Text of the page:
Honoring from Afar

As I sit here half a world away from our home in Seattle, I want to take a moment to honor Americans of every color, ethnicity, culture, religion, gender, sexual orientation, age and disability.  I want to honor not just Americans but anyone who is trying to make America their home.  I want to honor those in America who are currently fighting for their lives or fighting for others’ lives as once again, the United States tries to make sense of the many challenges with racism and oppression.

Since September, I have been conducting therapy sessions with some of my clients online through telemental health.  Since March, something very unusual has happened.  My clients and I have all been going through the same experience, the global pandemic.  For the past couple of weeks, my clients have all been going through yet another similar experience, the impact of nationwide protests and violence in the aftermath of yet another incident of police brutality in America, resulting in another death of a black man.  As I read and watch the news daily, I feel deeply affected by the trauma but am aware that I am on an entirely different continent from my clients, my friends, my family, and my fellow citizens who are in the midst of it all.

I remember the first time I lived abroad and beared witness to the racism in America from afar.  I was living and studying in Sweden during my junior year abroad in college and the talk of Stockholm was the LA riots and the beating of Rodney King.  I remember hearing northern Europeans comment, question and judge.  Similar to back then, my initial reaction to current events was disgust, embarrassment, and of course, grief.  And once again, I am aware of the reactions of shock and disbelief from Europeans.  I have caught myself resisting returning home and tempted to convince my family that we could have a better life if we stayed in Spain.

I do remember one gem that came out of my process and conversations in Sweden; respecting how so much of America’s struggles stem from being perhaps the most diverse country in the world, thus its’ nickname, “The Melting Pot.” Recently, a close friend wrote to me, “I hope you don’t think of America and its issues (of which there are many) as a bad thing but yet enough to need to make this country better.”  Then, talking to a Danish friend about our upcoming departure from Spain, I heard myself explain that as much as we would love to stay, “our country needs us.”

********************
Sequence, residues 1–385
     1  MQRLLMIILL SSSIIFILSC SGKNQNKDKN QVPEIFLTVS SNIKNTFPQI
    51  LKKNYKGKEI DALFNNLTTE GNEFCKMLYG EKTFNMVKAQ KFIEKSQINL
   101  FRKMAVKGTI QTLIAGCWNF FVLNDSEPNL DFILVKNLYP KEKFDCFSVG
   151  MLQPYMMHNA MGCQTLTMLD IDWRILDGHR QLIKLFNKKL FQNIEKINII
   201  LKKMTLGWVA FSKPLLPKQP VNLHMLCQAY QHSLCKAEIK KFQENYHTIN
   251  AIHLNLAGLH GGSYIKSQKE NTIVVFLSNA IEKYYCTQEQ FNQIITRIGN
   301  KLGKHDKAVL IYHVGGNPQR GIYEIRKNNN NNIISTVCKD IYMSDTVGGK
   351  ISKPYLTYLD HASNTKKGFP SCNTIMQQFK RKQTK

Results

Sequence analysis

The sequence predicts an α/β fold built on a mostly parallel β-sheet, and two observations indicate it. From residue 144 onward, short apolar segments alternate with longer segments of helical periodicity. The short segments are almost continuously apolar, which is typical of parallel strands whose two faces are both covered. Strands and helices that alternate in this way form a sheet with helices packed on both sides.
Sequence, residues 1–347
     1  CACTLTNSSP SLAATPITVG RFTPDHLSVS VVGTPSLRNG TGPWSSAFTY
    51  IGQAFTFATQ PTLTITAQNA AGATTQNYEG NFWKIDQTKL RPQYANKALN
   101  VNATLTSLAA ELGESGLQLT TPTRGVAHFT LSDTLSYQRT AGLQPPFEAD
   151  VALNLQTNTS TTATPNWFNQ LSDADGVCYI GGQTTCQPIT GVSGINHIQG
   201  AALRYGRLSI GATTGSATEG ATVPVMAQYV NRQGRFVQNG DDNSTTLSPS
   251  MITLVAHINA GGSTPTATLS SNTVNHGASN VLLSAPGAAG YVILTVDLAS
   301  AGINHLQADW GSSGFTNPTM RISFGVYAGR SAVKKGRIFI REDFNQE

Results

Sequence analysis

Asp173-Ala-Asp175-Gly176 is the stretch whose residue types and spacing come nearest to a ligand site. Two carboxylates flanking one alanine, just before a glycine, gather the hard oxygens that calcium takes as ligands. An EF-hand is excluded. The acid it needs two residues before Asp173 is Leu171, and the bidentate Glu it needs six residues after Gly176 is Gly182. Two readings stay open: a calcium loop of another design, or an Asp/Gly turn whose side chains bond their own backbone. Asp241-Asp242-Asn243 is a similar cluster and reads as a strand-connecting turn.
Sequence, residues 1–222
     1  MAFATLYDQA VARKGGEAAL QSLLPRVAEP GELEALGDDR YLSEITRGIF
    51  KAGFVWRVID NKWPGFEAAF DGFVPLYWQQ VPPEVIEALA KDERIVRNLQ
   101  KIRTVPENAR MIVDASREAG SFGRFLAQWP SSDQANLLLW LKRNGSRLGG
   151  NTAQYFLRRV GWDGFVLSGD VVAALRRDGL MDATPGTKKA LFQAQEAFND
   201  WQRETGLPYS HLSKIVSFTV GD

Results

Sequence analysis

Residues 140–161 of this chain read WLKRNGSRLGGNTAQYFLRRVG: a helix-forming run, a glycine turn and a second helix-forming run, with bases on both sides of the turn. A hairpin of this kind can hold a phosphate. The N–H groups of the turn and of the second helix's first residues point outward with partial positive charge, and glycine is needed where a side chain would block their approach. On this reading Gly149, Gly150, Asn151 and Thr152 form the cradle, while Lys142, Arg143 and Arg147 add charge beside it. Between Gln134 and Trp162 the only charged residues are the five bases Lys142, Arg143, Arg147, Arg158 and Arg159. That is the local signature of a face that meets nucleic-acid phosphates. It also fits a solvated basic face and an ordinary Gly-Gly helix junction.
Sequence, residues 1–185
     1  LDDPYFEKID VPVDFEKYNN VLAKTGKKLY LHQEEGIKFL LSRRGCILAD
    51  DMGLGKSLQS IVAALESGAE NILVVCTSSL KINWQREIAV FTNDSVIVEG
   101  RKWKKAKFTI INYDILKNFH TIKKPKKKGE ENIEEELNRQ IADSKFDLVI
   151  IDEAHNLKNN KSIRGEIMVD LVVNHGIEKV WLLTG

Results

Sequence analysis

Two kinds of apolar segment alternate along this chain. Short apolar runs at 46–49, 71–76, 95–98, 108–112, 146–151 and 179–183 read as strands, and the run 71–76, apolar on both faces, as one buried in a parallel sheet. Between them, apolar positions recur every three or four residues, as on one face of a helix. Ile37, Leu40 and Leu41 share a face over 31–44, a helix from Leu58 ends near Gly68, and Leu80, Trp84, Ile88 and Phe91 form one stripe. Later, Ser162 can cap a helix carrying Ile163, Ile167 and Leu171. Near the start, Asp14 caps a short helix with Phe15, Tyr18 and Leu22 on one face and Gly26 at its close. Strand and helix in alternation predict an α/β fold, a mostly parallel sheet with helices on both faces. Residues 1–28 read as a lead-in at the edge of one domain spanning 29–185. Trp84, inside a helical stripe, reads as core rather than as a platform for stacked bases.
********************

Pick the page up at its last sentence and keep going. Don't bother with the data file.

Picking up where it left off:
This week, I had the opportunity to meet virtually with several of my clients and came away feeling grateful to them for sharing with me their sadness, confusion, anger, and shame with regards to being a community member in the midst of so much racial turmoil and conflict.  I am particularly grateful that they all seem to want the same thing; to grow and heal and help others do the same.  I am proud to have so many people in my life who have the courage to stand up and fight racism and oppression, who want to understand what they have been taught by their culture and who want to be white allies.  As we prepare our family for transitioning home, I feel a heavy heart but coated with inspiration to get back and do my part, as an American, to grow and heal while helping others do the same.  I also maintain hope that one day, America will be the melting pot it was intended to be.




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